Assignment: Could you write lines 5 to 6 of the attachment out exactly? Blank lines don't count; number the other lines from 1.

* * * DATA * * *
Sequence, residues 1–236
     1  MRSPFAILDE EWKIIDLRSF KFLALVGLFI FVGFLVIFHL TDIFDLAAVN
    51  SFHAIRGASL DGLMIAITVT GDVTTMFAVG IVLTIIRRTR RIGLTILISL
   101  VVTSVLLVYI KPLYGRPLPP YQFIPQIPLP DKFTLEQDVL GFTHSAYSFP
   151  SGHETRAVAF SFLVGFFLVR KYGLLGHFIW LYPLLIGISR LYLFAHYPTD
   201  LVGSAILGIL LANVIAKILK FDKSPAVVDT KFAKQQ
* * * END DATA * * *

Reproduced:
   151  SGHETRAVAF SFLVGFFLVR KYGLLGHFIW LYPLLIGISR LYLFAHYPTD
   201  LVGSAILGIL LANVIAKILK FDKSPAVVDT KFAKQQ